Young teachers to lose out on pay

Thousands of young teachers will lose out on another bridging of the pay gap with longer-serving teachers as they remain outside a public service pay deal.

The Irish National Teachers’ Organisation (INTO) and Teachers’ Union of Ireland (TUI) said the increases agreed with the Government mark another step in their campaigns to restoring pay equity for younger members hit by cuts since 2011. When combined with increases payable this year and next to most teachers, not including 18,500 members of the Association of Secondary Teachers Ireland (ASTI), teachers’ starting pay will rise 15% from €31,009 to €35,602 by early 2018.

The ASTI is balloting members in the coming weeks for possible industrial action to achieve full restoration of pay equality, with hundreds of second-level schools in danger of being closed by strikes if the vote is passed. The union’s members rejected the Landsdowne Road Agreement (LRA) and so are also not receiving an additional €1,600 a year being paid to all other teachers in two phases this year and next.

Highlighting the ASTI’s isolated position, Education Minister Richard Bruton and Public Expenditure Minister Paschal Donohoe said it is seen by the Government as the most appropriate way to make progress on pay restoration. “This agreement shows how the LRA can resolve issues of concern for our public servants,” said Mr Donohoe.

But after a meeting of its 23-member standing committee yesterday, ASTI president Ed Byrne said his union will continue to pursue a resolution through talks but members want equal pay for equal work.

“However, we reiterate that ASTI members have rejected the Lansdowne Road Agreement for a number of reasons, including its failure to deliver pay equalisation for new teachers,” he said.

Because of the significant proportion of teachers’ pay which allowances in respect of qualifications accounted for historically, the profession was hit harder than most others by a 2012 removal of a range of allowances paid to new entrants to the public service.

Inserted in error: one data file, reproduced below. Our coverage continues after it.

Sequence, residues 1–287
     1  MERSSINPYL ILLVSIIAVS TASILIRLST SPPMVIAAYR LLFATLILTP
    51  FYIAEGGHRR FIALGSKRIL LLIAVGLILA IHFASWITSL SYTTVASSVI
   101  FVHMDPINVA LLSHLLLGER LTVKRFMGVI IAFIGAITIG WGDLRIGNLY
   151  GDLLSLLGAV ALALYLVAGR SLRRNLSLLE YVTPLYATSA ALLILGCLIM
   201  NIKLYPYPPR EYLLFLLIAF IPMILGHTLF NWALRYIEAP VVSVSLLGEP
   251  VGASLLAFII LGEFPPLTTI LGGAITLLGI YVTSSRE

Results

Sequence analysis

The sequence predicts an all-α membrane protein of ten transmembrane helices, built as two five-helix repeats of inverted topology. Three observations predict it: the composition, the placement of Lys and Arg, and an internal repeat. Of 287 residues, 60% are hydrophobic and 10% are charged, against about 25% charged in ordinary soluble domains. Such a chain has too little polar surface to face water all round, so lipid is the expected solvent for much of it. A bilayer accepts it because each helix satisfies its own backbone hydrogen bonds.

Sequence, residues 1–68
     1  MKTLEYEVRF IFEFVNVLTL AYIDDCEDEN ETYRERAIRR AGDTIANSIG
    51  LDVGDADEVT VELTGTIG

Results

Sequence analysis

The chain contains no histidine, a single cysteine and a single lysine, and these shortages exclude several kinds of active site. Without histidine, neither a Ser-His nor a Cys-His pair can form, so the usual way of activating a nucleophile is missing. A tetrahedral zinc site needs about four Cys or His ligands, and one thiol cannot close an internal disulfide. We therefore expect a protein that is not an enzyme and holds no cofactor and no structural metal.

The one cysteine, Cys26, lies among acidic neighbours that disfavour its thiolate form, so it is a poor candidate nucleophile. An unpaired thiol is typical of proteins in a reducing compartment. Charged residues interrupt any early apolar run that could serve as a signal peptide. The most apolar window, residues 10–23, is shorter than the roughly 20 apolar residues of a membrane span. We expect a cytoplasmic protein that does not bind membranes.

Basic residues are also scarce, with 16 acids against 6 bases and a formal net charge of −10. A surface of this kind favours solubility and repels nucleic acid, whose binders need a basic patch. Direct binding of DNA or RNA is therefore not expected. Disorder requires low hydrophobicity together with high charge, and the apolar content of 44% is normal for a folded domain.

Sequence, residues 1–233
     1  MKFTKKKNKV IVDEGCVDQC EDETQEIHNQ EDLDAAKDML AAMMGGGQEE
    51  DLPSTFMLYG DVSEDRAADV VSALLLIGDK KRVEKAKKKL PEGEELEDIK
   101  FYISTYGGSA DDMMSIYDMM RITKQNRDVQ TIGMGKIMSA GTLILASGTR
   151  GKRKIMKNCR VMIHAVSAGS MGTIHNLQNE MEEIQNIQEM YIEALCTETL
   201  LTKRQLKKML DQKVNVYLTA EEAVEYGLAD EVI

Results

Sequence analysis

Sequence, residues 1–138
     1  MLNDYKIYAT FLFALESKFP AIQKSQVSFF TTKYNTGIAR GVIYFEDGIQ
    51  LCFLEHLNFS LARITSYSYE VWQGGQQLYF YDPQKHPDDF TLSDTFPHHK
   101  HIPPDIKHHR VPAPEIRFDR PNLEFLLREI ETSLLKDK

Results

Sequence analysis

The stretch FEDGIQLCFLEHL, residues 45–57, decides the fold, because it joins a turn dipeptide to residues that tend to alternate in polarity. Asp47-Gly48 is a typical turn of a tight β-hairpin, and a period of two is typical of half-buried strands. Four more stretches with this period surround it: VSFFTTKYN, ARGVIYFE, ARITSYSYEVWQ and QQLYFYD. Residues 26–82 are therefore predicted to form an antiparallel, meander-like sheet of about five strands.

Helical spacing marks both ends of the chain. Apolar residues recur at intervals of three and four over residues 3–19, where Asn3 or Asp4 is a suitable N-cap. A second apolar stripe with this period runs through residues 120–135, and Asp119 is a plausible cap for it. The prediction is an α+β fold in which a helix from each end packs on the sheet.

This measure will see €1,000 added to salaries of those starting out as teachers from January 2017 and another €1,000 the following January. But amounts between €164 and €3,000 a year are added to salaries of those teaching since February 2012 at different points in their careers, including an estimated 3,500 INTO members.

Some will not see the benefits for several years but their career earnings could rise by between €100,000 and €135,000. The 1,000-plus TUI members who began their careers since 2012 will remain slightly behind, however, as a higher qualifications allowance previously paid to second-level teachers is not fully reflected in the new pay arrangements.

In return for the pay deal, the INTO and TUI have committed to talks about reforming school middle-management structures, to include new procedures for recruiting teachers to the posts and flexibility around the required duties to reflect the needs of students.

More on this topic

Fifth of college students from ‘affluent’ homes - studyFifth of college students from ‘affluent’ homes - study

The basic agricultural qualification to qualify as a young, trained farmerThe basic agricultural qualification to qualify as a young, trained farmer

Secret Diary of an Irish teacher: 'Mirror, mirror on the classroom wall; what is gender after all?'Secret Diary of an Irish teacher: 'Mirror, mirror on the classroom wall; what is gender after all?'

Colleges to receive €14.25m to expand options for studentsColleges to receive €14.25m to expand options for students


Pollutants can have an impact on your health, but there are things you can do to reduce the potential damage.High pollution days ‘lead to more cardiac arrests and strokes’: 5 easy ways to protect yourself

Even if you only have room for one pot in the smallest space, plant some tulips in it to make your garden spring to life, says Hannah Stephenson.7 design tips to make your tulips in garden pots stand out in a crowd

Does the early bird catch the gym gains, or are you better off running through your reps after the sun sets? We ask two personal trainers.Ask the experts: Is it better to work out in the morning or the evening?

John’s chairs will last a lifetime, but he is also passing on his knowledge to a new generation, writes Ellie O’Byrne.Made in Munster: The ancient art of súgán-making is woven into Irish family history

More From The Irish Examiner